The rise of the Delta variant, new vaccine tactics, and more coronavirus news

New epidemics in the world, the rise of the Delta variant in the United States; and further research into vaccine effectiveness. Here’s what you need to know:

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Delta variant stimulates new epidemics around the world

From Indonesia to Bangladesh, South Korea to Israel, new outbreaks appear around the world thanks to the proliferation of the highly contagious Delta variant. The rapid spread of the strain has has pushed many countries to re-impose travel restrictions or restore locks. In Australia, for example, almost half of the population is now shelter at home like the country contact tracing program and lagging vaccination efforts struggle to cope with epidemics.

In Europe, new cases rose 10% in one week after two months of decline, and the WHO announced this week that the the region is at risk a new wave of infections. As a result, Portugal nighttime curfews reintroduced in several large cities. Although the EU’s Covid-19 travel certificate was officially launched on Thursday, officials fear this summer may not be a godsend for the tourism industry that many hoped for.

White House strategizes as Delta variant cases increase in US

In the United States, the Delta variant has now been detected in the 50 states and Washington, DC. The CDC also reported on Thursday that the cases increased by 10 percent this week due to a combination of late vaccinations in parts of the country and the more transmissible mutation, which is likely to become the dominant strain in the country in the coming weeks. The White House announced this week that it will deploy Covid-19 response teams across the country, focusing on areas with lower vaccination rates and higher risk of epidemics.

Amid the boom of the Delta variant, the CDC doubled on his advice on masks this week, saying fully vaccinated people are immune to variants and do not need to wear masks except in pre-designated settings. That said, some places are re-examining their mask guidelines, including Los Angeles County, which recommended that everyone mask themselves indoors, whether or not they received their injections.

Countries are experimenting with new vaccination strategies as new research emerges

New research suggests mRNA vaccines from Pfizer-BioNTech and Moderna may produce lasting immunity against existing variants, especially in people who have had the virus before, even if the virus changes significantly over time. Johnson & johnson also said this week that his shot is still effective in protecting against the Delta variant.

Meanwhile, the UK has said it is preparing for deliver booster injections in the fall in case people need extra protection against new variants, making it one of the first governments to do so. The plan is to start with people over 70 and those who are medically vulnerable, and potentially distribute boosters and flu shots at the same time. And in Germany, authorities are now urging people to mix Covid-19 vaccines. The country’s Standing Committee on Immunization said Thursday that people who received a first dose of the AstraZeneca vaccine should receive an mRNA vaccine for their second dose.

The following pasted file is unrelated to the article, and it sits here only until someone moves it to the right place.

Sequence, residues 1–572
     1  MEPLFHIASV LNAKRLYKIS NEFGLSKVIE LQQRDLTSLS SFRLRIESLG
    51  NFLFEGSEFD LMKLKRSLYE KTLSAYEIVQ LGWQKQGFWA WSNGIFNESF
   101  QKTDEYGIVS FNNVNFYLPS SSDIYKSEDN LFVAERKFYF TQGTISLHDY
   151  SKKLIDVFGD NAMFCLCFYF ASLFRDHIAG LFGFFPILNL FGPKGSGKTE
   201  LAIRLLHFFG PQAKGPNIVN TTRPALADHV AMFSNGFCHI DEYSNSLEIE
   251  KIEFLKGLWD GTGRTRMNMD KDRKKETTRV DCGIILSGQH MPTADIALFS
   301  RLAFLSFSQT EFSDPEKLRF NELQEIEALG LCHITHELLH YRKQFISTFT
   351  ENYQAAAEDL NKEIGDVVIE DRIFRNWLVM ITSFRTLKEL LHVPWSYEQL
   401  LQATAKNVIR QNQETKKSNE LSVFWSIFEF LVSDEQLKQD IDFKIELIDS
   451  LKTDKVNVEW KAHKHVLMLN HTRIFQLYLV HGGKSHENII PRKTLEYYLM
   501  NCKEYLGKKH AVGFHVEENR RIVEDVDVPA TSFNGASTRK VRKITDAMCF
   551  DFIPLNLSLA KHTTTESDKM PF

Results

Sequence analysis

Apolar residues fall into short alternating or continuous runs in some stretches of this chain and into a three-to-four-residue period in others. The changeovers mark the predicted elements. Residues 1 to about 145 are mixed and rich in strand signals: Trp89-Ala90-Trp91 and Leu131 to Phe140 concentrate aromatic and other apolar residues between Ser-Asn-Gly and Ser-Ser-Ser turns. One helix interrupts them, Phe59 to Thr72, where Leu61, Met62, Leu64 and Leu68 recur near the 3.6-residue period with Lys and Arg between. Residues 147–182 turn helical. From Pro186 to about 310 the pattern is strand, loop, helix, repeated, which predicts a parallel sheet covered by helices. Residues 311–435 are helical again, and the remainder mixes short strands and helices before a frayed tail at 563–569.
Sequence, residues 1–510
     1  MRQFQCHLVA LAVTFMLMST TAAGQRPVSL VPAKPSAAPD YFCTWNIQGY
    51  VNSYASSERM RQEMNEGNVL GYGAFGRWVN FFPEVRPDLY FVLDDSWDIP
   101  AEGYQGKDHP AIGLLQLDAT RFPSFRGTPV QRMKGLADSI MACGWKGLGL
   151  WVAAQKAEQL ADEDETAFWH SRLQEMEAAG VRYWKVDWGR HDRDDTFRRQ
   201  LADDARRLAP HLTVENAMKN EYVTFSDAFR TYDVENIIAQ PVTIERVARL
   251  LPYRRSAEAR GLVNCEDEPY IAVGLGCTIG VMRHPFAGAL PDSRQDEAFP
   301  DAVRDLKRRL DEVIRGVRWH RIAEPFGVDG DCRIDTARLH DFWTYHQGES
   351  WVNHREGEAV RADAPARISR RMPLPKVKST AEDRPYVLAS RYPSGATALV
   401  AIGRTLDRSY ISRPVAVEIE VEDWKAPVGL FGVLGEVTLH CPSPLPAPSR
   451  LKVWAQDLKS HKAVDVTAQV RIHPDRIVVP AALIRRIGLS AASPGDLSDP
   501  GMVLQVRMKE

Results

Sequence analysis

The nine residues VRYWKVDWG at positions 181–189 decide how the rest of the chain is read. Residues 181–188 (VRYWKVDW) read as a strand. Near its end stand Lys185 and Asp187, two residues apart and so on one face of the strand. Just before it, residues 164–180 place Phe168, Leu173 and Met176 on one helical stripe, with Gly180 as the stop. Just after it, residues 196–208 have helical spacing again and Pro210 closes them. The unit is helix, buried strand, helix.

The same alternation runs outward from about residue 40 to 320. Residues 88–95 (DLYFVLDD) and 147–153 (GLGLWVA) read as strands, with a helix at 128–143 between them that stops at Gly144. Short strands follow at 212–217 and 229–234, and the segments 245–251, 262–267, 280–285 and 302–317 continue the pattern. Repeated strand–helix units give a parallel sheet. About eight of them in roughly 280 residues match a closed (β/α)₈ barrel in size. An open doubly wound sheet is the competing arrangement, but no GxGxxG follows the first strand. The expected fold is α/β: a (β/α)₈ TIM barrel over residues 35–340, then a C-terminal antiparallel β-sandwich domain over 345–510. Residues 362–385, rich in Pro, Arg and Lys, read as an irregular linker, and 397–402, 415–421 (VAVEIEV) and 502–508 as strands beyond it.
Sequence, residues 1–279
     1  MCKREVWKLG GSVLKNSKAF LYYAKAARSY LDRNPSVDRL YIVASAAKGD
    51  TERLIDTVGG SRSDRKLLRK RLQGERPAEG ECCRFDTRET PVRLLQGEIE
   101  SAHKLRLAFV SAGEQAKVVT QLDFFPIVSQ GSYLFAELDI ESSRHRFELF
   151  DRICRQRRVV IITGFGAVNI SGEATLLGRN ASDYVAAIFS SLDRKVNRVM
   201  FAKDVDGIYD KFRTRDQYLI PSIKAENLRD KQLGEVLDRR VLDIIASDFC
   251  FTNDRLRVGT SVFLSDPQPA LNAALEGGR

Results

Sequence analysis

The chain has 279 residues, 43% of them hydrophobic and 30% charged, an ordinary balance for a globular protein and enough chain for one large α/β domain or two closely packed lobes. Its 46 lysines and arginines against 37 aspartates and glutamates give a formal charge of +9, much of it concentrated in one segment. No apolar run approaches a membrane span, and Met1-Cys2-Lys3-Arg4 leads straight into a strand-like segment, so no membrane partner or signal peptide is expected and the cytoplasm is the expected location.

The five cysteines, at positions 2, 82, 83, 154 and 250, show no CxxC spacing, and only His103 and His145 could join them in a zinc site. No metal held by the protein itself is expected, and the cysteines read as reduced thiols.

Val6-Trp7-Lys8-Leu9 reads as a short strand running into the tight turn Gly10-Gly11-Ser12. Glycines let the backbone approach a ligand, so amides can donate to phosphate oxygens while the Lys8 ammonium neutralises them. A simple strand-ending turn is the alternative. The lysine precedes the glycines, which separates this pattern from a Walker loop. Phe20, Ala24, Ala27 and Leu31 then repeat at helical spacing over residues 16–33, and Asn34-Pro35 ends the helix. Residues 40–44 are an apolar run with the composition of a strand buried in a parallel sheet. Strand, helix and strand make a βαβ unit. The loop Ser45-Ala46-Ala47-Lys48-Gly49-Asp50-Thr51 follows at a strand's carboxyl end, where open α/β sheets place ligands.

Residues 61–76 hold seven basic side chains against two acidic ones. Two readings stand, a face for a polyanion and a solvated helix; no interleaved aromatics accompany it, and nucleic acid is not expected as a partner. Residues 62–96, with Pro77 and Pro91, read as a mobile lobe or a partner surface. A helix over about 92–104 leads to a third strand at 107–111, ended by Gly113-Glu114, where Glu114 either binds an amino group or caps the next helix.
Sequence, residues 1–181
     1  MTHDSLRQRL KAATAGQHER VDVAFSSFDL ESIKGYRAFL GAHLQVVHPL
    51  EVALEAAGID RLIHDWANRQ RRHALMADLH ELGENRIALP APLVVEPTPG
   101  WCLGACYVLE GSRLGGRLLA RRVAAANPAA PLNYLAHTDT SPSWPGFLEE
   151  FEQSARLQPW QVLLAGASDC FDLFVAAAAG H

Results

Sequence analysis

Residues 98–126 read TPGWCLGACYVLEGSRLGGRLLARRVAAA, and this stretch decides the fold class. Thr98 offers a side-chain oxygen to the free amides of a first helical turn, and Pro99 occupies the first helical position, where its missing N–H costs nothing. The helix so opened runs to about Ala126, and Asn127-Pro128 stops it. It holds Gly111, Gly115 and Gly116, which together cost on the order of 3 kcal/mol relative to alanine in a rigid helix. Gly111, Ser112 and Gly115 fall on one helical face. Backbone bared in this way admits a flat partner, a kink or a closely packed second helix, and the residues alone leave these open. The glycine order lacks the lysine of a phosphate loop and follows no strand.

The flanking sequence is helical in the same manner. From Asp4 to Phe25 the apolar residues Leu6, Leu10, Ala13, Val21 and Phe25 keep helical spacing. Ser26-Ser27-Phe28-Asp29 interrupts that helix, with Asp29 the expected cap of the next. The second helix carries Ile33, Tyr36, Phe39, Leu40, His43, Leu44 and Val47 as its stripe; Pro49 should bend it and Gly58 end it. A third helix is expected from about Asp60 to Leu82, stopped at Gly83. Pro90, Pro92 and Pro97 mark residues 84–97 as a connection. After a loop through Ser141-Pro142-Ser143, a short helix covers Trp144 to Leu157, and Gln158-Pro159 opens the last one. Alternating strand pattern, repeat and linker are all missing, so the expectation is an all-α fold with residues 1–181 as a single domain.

Daily distraction

Burnout is exhausting, as is the talk about burnout. In her latest work advice column, WIRED’s Megan Greenwell offers tips for treat both.

Something to read

Some Americans have long resisted government interference in health matters, and the pandemic has only accelerated the trend. As vocal opponents lined up on the far right to oppose masks and vaccines, a scientist used a similar tactic to peddle unregulated, for-profit stem cell treatments.

Sanitary verification

Whether you’re trying to go viral on TikTok or just shooting home videos, it’s worth having a good camera setup. Here are our best tips and favorite gear.

A question

How do scientists who work with bats navigate the possibility of backfire?

It is likely that SARS-CoV-2 emerged from bats in China before jumping on another animal and then on humans. But now people run the risk of spread of the virus in animal populations, a phenomenon called overflow. To avoid this, the US Geological Survey and the US Fish and Wildlife Service recently issued guidelines for biologists who work with bats, suggesting they wear protective gear, including masks. The likelihood of scientists and wildlife managers transmitting the coronavirus to bats is relatively low, but North American bat populations in particular have been devastated by the disease in recent years. Now it’s humans turn to protect them.

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